Hall of Fame Overcame “Separate But Equal”

Induction Day at Cooperstown By  Dennis Corcoran

Induction Day at Cooperstown
By
Dennis Corcoran

Hall of Fame Overcame “Separate But Equal”

Dennis Corcoran is a long time member of SABR from back east. He Has attended 12 national SABR conventions, including SABR 46 that played in Miami last month. He was also one of the 32 abstract presenters on a topic we all might care to know more about. And that is – the process that actually unfolded as the HOF finally came around to deal with baseball’s need to recognize the career contributions of players and other personnel from the Negro Leagues that most certainly only missed the bigs because of segregation.

The Dennis Corcoran SABR 46 presentation was entitled “The Hall of Fame Overcomes Separate But Equal to Honor the Negro Leagues.” According to message we received from Corcoran, he “talked about Ted Williams’ historic induction speech, (50th anniversary of it- 1966) which he closed by asking the Hall of Fame to do something for Satchel Paige and Josh Gibson, stating the only reason they weren’t inducted was because they never had the opportunity in the Major Leagues during their prime years. The Hall of Fame didn’t want to induct Satchel in 1971 because he hadn’t played 10 years in MLB so they decided to put all the Negro stars in another area of the Hall of Fame (Separate But Equal.) There was an immediate outburst from Jackie Robinson , the NAACP and the BBWAA as the Hall’s Board of Directors reconsidered and inducted Paige with equal status to all other inductees. The Hall then went on to honor the Negro Leagues as I gave several examples. All the information in my presentation can be found in my book, “Induction Day at Cooperstown A History of the Baseball Hall of Fame Ceremony.”

The Pecan Park Eagle did a review column on Corcoran’s book a couple of years ago:

https://bill37mccurdy.com/2014/08/29/induction-day-is-informative-and-fun/

We had the privilege of meeting Dennis Corcoran in Houston at our own SABR 44 convention. We found him to be intelligent, dedicated, and more knowledgeable of the Baseball Hall of Fame induction process history than any other person we’ve ever spent time with in discussion of the subject. Reading the book he just mentioned in the quote simply reenforced those early impressions. And, oh yes, he’s also a nice down to earth guy too. Dennis also seems to write from his focused passionate love of the game – and with special interest on how well, or poorly, baseball takes care of honoring its greatest contributors. I would recommend the book to any of you who may share that common interest.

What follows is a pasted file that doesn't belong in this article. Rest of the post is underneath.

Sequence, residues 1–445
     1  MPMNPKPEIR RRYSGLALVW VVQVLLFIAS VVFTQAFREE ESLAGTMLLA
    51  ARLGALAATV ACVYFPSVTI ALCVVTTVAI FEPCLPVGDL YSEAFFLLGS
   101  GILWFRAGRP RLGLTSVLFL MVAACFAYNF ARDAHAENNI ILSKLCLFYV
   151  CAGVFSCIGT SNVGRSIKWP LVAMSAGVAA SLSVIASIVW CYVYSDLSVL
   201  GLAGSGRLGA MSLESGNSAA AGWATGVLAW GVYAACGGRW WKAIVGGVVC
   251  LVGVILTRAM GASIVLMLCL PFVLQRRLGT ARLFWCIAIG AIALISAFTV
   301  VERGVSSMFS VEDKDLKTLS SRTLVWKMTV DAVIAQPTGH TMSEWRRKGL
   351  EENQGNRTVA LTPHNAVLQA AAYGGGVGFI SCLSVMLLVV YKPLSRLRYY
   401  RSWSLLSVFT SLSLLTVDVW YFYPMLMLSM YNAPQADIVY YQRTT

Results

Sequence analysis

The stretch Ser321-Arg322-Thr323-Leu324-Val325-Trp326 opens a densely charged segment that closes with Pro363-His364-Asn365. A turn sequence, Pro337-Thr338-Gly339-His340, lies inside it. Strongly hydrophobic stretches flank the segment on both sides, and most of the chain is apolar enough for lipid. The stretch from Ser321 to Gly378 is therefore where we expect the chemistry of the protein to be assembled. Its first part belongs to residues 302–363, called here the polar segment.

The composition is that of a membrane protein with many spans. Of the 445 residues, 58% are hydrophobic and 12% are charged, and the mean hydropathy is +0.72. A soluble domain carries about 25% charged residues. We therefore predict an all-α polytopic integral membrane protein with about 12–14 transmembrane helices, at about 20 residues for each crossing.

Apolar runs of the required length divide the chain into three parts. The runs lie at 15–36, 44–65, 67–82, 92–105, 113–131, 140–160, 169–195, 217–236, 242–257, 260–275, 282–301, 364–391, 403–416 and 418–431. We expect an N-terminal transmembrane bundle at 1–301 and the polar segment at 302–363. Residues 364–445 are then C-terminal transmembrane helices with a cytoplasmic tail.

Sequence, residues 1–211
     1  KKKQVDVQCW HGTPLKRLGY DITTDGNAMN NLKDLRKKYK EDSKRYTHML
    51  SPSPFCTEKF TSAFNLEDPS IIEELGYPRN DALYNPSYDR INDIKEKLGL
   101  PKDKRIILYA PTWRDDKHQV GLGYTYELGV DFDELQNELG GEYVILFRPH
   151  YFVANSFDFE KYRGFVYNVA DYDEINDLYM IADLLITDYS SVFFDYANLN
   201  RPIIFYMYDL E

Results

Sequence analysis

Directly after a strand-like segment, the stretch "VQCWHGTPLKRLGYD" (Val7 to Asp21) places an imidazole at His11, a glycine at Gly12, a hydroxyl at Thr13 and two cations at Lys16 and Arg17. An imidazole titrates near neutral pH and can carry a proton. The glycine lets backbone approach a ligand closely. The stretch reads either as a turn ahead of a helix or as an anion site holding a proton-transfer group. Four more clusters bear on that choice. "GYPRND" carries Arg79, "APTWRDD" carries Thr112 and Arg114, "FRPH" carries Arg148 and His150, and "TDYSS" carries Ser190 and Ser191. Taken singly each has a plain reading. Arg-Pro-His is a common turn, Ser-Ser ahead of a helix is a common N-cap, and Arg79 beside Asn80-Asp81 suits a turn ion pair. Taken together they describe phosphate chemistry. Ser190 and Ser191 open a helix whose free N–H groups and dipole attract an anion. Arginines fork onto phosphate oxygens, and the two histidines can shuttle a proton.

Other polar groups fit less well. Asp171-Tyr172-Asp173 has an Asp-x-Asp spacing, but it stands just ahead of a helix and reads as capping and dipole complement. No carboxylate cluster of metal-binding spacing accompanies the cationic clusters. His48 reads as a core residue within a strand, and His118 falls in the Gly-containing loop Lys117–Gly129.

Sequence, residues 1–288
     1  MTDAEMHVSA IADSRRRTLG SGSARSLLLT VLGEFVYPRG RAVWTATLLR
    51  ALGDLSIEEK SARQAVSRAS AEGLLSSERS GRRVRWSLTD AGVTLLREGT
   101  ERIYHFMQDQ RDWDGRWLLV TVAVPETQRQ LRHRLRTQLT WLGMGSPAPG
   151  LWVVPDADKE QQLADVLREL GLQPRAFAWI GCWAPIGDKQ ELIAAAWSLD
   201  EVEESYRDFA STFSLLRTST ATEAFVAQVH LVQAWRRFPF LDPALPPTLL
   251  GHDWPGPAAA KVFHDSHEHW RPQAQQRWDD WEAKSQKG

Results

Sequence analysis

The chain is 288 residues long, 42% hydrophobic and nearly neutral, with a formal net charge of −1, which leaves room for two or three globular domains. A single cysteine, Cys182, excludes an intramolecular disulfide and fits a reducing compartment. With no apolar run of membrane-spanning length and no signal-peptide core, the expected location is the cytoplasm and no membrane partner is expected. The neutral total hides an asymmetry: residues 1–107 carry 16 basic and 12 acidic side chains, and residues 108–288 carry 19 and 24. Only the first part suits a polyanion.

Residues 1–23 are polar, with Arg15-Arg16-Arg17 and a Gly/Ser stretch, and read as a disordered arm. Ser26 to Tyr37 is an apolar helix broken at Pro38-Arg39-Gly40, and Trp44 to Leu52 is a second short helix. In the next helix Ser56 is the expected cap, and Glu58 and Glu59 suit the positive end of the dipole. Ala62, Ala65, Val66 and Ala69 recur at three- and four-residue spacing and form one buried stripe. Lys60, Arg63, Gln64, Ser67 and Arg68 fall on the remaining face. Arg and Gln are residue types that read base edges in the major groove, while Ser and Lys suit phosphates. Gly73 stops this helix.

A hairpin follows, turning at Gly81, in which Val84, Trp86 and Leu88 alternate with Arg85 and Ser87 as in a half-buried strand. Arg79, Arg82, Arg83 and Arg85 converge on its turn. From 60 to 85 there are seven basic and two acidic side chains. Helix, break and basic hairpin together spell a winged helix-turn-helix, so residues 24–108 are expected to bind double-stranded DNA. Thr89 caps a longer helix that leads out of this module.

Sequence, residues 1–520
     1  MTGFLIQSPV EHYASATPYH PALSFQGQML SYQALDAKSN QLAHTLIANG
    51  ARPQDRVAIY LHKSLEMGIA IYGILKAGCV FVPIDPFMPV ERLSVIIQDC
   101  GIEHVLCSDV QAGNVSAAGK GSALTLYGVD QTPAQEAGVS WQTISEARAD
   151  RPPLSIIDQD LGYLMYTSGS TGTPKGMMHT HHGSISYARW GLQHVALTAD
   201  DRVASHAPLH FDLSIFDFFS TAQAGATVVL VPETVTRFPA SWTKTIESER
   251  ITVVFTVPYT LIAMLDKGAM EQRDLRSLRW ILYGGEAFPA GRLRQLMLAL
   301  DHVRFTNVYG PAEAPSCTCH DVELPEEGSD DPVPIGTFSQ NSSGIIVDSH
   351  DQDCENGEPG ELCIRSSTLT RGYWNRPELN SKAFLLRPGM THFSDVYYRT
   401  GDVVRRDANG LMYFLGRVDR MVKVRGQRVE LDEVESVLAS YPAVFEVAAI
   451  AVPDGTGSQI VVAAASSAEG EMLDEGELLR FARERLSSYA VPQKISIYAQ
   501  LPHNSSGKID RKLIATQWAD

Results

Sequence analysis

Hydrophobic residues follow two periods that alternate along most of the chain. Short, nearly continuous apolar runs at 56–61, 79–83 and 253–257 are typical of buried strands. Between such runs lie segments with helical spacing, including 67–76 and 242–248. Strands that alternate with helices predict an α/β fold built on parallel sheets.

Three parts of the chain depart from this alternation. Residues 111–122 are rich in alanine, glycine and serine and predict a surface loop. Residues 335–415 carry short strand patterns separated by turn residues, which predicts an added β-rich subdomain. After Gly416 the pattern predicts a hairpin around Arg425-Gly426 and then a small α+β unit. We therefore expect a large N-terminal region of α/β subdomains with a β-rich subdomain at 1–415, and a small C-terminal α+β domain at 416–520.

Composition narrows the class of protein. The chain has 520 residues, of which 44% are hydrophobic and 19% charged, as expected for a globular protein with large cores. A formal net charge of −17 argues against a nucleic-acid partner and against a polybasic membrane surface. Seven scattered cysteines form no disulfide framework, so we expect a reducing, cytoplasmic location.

Separate but Equal. My foot. The old Hank Aaron metaphor applies here. The Hall of Fame had about as much of a chance of slipping that one by Jackie Robinson and others as the sun has everyday of sneaking daybreak past a sleeping rooster.

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eagle-0range
Bill McCurdy

Publisher, Editor, Writer

The Pecan Park Eagle

Houston, Texas

 

 

 

 

 

 

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2 Responses to “Hall of Fame Overcame “Separate But Equal””

  1. Rick B. Says:

    As I recall, Satchel Paige’s initial reaction to the plan for a separate Negro League wing was, “First they made me a second-class citizen, and now they’ve made me a second-class immortal.” (That may not be verbatim, but it’s the exact comparison he made).

  2. inductionguru2011 Says:

    Thanks Bill for your nice column about my SABR 46 Presentation and your kind and flattering words.
    Regarding Rick B. comment about Satchel Paige. Here is what Paige said to a reporter after he was chosen by the Negro League unanimously as the first inductee and that he and the other Negro league stars would all be in a separate display area. “I was just as good as the white boys, and I ain’t going in the back door of the Hall of Fame.”

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